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Check out our archive of Dining Guides - Yum!

OP-ED: More than one excellent high school from which to choose
December 31, 2013, 05:00 AM By Rod Hsiao

Rod Hsiao


While many of us are slipping into holiday vacation mode, other families with rising high school freshmen anxiously await Jan. 8 when they can begin enrolling in San Mateo Union high schools for next fall.
Last year, pressure was intense among tiger moms and dads to get their kids into Mills High School in Millbrae. When Asian-American students were denied enrollment in the school, charges of discrimination were leveled at the district which resulted in a federal civil rights investigation by the U.S. Department of Education. In April, the investigators cleared the district of any discrimination. No surprise there: The Asian-American resident population in the city of Millbrae is 43 percent, and the Asian-American student population at Mills is even higher at 53 percent. So if anything, there was a disproportionate high representation of Asian-Americans at Mills.
But what drives this intense competition to get into Mills? Parents often point to the Academic Performance Index (API) score, one of the few yardsticks that can be used to compare schools. But one might ask if this is the right metric to use to size up a school? Does the API really reflect the best school for their student?
The good news is that students in the San Mateo Union High School District have many excellent choices to pick from whether you use the API or other metrics.
First of all, if you really want to rely on API scores to decide, in the most recent school year 2012013, Burlingame actually tied with Mills High School at 868, and Aragon was not far behind at 845.
But if one were to ask which school best prepares my child to do college-level work you might look at the University of California writing requirement results which ensures that students can communicate and form critical arguments. Eighty percent of graduates from Burlingame, Aragon and Hillsdale high schools that entered a UC school met the requirement, and Mills was respectable at 75 percent but still came in last among the district’s comprehensive high schools.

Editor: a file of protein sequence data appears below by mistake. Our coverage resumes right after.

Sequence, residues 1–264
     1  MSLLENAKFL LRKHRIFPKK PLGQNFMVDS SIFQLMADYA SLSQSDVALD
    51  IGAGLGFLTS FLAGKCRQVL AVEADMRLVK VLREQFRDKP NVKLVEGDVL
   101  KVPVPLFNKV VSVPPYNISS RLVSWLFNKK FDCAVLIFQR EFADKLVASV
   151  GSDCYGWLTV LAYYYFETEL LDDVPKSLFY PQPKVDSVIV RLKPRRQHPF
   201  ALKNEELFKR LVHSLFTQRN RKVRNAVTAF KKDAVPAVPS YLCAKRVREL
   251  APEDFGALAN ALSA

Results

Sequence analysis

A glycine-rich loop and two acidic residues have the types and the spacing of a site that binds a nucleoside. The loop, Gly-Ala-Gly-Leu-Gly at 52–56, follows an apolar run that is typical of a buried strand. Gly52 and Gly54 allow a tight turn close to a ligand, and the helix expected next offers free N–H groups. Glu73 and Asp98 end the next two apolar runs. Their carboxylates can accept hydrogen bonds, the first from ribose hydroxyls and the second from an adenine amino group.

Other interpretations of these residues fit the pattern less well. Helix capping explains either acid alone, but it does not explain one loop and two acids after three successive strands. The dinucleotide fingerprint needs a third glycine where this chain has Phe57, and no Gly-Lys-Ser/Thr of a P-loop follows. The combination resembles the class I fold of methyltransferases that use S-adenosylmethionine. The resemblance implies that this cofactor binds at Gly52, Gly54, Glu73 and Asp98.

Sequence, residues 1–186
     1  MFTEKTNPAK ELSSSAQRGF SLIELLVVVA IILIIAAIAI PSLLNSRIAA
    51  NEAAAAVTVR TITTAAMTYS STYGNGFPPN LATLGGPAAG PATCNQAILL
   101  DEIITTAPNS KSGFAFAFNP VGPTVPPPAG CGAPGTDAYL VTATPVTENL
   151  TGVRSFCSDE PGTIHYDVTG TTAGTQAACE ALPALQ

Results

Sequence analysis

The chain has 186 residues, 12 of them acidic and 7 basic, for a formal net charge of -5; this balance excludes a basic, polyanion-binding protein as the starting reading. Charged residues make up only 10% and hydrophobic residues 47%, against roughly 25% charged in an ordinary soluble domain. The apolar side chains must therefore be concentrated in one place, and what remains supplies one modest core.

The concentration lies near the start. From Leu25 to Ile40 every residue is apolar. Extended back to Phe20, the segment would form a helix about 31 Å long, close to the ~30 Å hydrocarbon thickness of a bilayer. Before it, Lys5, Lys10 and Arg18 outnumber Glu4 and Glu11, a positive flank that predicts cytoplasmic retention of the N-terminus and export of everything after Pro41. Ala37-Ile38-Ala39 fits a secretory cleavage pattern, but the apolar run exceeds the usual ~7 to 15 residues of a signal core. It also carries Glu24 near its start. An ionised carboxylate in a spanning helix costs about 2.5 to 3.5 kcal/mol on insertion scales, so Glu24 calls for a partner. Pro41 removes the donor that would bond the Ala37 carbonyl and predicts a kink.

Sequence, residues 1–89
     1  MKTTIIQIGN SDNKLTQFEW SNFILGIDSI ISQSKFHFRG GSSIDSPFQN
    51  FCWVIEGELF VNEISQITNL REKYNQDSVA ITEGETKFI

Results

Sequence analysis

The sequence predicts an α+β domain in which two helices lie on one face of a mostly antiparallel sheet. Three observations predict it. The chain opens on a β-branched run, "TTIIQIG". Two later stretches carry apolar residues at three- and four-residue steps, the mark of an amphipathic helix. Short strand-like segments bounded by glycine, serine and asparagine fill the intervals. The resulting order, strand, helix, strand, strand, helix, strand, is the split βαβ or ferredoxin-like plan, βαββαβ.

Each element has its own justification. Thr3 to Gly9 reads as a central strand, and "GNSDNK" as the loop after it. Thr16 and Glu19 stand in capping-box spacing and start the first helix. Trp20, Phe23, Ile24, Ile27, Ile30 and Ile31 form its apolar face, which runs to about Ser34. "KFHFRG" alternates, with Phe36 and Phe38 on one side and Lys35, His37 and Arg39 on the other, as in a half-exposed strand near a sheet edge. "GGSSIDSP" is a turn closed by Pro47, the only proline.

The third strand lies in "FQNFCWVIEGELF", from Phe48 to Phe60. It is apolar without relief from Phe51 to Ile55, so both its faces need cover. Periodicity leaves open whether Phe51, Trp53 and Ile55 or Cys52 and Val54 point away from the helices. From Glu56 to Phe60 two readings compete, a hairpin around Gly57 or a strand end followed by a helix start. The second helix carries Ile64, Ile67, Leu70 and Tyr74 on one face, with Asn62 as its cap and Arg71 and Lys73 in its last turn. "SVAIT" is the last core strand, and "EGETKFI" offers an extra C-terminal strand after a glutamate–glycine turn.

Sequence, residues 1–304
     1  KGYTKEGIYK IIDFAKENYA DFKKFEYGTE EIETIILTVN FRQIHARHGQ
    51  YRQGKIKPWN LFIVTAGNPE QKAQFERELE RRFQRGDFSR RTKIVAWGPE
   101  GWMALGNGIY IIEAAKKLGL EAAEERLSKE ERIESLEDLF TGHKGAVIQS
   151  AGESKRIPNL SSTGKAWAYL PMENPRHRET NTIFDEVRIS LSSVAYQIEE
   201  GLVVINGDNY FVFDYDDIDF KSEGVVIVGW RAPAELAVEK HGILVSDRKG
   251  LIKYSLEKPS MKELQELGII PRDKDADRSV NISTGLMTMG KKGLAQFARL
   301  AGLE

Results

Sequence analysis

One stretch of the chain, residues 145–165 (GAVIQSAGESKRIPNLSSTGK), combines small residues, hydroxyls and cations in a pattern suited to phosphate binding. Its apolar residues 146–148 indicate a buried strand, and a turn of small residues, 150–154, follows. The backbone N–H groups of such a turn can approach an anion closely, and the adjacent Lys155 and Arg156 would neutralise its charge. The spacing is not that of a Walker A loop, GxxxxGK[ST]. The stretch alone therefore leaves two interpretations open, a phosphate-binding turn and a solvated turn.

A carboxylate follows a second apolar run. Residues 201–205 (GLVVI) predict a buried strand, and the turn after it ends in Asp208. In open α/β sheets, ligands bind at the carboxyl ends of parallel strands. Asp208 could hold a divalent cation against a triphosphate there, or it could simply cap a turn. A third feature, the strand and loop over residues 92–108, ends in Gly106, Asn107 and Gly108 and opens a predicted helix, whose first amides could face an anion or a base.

Also consider how many students took Advanced Placement tests and their pass rates to get college credit. Aragon, Burlingame and San Mateo high schools all had a higher percentage of their students taking AP tests, about 30 percent, while Mills was 26 percent. If you care about science and math pass rates, Aragon and Burlingame had higher pass rates than Mills in biology and calculus, while Mills led in chemistry and physics B.
There’s no doubt that Mills is a fine high school. But in the spirit of lowering the excessive pressure to get into this one school, parents should realize that there are other schools with extraordinary teachers and student bodies that should warrant a closer look for their students. You have excellent schools from which to choose so have another cup of cocoa and relax!

Rod Hsiao is a member of the San Mateo County Board of Education. He lives in San Mateo.

 

 

Tags: school, mills, schools, students, percent, mateo,


Other stories from today:

OP-ED: More than one excellent high school from which to choose
Letter: Divide-and-conquer agenda
Clear resolution
 

 
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